Unaware of Having Had a TIA

At a routine check up at our local hospital eye clinic in November, 2023, it was noticed that my field of vision had reduced since I was last examined in 2020. Covid and major heart surgery in late 2022 meant that I wasn’t called for an appointment for over three years. This suggested I’d had a minor stroke at some point, confimed by a MRI Brain Scan in February. I had no recollection of this happening. Has anyone else had a TIA without knowing? I’m due to be seen at the Stroke Clinic in early April.


Hi @Ashcombe and welcome to the forum :slightly_smiling_face:
Could your TIA have happened around the time of your heart surgery, maybe even as a symptom/result of your heart condition/surgery.

And yes, unfortunately, they can very well go undetected, for years even. It they are mild enough that the effects are too minor/minimal to even alert to the possibility of it being a TIA then they can easily be brushed as you just having an off day, going through a bit stress, anything like that. There are folk on here who only discovered they’d had several TIA’s in the past only discovered in MRA after their strokes.


Hi @Ashcombe and welcome to the community. Sorry you’ve had cause to join us but hopefully you’ll find it a useful place to be.

It is very possible to have a TIA without knowing. As @EmeraldEyes mentions you may just have felt a bit odd on one occasion & because it passed quickly you never thought any more of it.

There are a few on the forum here that had TIAs without knowing (and some had unknown strokes too).

Write down plenty of questions for your appointment so you don’t forget to ask them. It’s very easy to forget them when the consultant goes through everything with you.

Best wishes



Thank you both for your welcome messages and suggestions.

I have wondered about the TIA occurring during my heart operation, too, @EmeraldEyes Another possibility is that labyrinthitis was wrongly diagnosed (in a telephone consultation) by a GP in August, 2022. I had never had it before but it left me feeling very disorientated during a tribute concert where I was a steward. I had to leave while I felt capable of driving then I was fine at home. Subsequently, I reacted badly to loud music at two ballet performances and only managed to remain in my seat by breathing deeply to relax. No problem with music since then.

Yes, @Mrs5K that’s wise advice. There are a few questions I have already typed into notes on my phone ready for my appointment. I’ll let you know how it goes.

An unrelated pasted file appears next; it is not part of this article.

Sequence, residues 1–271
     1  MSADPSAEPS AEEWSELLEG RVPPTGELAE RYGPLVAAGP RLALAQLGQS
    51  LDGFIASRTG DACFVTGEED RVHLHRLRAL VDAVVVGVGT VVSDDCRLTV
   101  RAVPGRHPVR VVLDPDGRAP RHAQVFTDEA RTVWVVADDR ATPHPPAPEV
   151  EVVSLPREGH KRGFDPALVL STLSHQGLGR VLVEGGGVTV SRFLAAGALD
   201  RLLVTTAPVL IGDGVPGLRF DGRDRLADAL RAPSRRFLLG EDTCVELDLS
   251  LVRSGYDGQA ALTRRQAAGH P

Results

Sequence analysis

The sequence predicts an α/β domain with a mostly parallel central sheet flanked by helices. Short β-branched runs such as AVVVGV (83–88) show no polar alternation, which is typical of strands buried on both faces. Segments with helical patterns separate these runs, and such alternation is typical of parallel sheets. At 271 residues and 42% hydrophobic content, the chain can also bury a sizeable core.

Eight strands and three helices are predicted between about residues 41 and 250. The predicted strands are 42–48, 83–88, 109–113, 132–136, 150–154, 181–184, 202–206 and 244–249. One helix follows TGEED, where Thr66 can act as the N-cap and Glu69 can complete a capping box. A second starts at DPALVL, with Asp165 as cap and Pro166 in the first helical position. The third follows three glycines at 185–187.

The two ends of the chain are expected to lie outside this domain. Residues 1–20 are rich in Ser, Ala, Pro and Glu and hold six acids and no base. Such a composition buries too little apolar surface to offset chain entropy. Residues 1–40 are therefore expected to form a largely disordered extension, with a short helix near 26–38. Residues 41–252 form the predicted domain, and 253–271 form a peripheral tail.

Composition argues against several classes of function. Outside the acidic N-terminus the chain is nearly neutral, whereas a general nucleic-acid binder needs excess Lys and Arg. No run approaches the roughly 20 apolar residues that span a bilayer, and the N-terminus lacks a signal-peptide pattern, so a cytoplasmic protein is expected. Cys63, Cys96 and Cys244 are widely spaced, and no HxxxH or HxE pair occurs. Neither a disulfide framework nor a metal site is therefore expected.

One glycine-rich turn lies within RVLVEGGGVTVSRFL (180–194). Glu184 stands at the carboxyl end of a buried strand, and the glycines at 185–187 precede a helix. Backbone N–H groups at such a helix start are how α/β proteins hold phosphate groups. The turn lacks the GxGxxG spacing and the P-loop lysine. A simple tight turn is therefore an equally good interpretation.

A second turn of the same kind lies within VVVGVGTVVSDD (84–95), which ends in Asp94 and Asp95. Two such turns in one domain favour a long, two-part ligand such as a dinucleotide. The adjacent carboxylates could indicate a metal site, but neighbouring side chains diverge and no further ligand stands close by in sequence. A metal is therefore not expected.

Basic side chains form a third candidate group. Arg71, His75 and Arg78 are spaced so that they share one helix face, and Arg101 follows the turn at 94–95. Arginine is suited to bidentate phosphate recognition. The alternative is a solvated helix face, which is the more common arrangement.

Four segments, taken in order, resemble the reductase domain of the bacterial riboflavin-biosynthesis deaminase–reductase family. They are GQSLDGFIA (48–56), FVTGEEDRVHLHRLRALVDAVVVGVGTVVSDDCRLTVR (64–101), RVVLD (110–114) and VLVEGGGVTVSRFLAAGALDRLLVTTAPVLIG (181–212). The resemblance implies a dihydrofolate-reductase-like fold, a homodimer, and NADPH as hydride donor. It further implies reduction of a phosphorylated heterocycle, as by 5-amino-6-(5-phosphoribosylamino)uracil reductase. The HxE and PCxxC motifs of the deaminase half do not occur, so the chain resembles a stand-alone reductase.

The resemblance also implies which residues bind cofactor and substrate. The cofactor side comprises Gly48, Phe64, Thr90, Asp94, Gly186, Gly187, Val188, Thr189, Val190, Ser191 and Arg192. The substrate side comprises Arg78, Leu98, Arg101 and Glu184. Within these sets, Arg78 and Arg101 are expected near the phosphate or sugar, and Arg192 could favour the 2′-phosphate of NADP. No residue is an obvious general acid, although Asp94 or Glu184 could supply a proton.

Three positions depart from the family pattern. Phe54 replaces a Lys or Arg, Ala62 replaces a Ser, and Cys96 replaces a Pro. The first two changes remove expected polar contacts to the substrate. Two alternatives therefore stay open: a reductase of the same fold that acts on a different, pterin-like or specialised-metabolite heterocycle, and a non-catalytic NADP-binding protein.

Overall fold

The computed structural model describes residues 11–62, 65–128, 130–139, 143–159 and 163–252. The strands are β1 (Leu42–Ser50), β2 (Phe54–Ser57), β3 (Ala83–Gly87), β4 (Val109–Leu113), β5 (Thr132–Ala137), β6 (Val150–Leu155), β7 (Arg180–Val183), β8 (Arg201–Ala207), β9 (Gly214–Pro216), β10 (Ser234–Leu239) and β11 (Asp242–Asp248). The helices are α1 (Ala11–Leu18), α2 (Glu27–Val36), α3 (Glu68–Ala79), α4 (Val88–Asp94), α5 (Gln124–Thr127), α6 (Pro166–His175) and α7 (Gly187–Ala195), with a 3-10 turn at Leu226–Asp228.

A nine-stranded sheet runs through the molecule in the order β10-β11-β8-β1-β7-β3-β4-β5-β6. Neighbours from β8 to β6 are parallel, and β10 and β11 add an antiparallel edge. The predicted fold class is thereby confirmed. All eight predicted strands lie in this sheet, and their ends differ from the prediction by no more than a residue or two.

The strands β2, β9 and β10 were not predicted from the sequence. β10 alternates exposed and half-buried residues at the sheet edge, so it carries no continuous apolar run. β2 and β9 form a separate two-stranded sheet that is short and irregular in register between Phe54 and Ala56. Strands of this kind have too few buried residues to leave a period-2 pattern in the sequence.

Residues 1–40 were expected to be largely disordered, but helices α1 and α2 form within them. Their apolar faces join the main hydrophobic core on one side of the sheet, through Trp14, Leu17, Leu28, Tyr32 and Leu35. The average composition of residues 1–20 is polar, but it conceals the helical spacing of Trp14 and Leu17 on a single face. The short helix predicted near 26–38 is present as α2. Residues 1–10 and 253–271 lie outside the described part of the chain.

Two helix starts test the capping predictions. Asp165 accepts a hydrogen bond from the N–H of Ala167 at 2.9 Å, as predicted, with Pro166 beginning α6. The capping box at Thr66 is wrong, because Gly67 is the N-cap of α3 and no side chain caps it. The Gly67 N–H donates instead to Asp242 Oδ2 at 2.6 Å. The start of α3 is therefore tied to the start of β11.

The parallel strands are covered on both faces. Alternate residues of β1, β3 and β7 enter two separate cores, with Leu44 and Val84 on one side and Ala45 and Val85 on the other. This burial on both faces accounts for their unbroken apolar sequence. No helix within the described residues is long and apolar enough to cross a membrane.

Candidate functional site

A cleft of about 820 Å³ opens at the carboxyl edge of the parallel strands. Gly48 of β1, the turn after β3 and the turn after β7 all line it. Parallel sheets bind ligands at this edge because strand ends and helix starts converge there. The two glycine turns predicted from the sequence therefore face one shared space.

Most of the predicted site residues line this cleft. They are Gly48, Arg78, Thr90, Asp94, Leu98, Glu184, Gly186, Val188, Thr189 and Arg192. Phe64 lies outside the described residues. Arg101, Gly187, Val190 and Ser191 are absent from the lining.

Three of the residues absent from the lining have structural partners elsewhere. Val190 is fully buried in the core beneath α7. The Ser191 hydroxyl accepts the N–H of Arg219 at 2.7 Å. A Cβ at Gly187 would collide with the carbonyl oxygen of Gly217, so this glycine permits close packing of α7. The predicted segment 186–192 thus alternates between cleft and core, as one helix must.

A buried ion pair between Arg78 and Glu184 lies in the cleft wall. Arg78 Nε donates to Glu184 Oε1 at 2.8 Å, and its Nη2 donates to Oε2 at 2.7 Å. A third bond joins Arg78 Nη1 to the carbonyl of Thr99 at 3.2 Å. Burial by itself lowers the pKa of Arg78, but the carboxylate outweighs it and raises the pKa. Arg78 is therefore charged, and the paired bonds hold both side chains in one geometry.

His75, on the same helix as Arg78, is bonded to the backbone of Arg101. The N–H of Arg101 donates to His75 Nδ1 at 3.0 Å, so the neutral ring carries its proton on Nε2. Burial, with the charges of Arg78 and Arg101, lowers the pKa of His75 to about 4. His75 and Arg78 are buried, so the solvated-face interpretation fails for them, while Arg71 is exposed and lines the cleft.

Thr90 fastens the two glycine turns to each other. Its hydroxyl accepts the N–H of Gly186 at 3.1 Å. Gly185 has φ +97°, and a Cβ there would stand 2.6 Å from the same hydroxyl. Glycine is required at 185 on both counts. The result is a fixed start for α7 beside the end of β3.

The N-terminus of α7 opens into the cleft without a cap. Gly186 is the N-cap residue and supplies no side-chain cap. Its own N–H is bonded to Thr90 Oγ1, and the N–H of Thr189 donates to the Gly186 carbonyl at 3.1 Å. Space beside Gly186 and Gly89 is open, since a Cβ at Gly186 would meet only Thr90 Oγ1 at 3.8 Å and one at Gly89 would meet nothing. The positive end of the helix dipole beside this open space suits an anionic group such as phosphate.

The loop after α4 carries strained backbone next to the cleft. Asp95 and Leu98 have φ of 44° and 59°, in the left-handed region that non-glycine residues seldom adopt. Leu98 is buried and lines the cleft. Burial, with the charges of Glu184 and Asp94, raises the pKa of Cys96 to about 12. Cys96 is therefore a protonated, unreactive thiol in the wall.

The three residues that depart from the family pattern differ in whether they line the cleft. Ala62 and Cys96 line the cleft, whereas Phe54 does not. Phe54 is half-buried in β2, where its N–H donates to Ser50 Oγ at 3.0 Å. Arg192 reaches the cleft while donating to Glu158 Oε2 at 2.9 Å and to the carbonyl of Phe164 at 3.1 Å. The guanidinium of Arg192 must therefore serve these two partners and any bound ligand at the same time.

Hello and welcome to the forum @Ashcombe

What you relate above is all reasonable speculation. One small nitpick; If you had a neurological event that has left a legacy it’s not a TIA t as in temporary it’s a stroke.

A less than widely discussed topic are silent strokes. When I eventually had an MRI scan it revealed that I have had multiple silent strokes prior to the one that has left physical deficits.

When you attend a stroke clinic make sure the risk factors are covered off (PFO AFib blood pressure sticky blood…) and your medication is confirmed appropriate.

This is a good place to ask questions and the magnifying glass is a good way to find answers

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Thank you for your interest, @SimonInEdinburgh
Your points are certainly valid. The ophthalmic consultant has actually called it a small stroke in his report. Wonder of wonders, I actually had a face to face appointment with a GP (for a steroid injection in my finger that will have to be done at the hospital) 10 days ago where he was so concerned about the delay to my Stroke Clinic appointment that he adjusted my medication so I’m now on Amlodipine, (5mg) Clopidogrel (75mg), Atovastatin (increased from 20mg to 80mg), besides the Ramipril (10mg) and Bisoprolol (5mg) which I’ve been on for several months for my BP.
I am glad to have found this forum and I’ll add to this tread after the 2nd April.


To me that all sounds like that was when you had the TIA, but hey, I’m not a doctor.

But TIA’s are the warning sign to heart conditions/strokes and you subsequently had major heart surgery in late 2022. And if you discuss all this with the doctor they’ll most probably agree; it fits the time line anyway. TIA’s are a temporary blockage in a vein or artery which interrupt the oxygen supply to the brain.

Going forward, which is what matters the most here, look after your health, look after your heart, keep active, eat healthy, keep taking the meds and that’s about as much as any us can do to reduce the risk of another episode. Stay strong, onwards and upwards :wink: :people_hugging: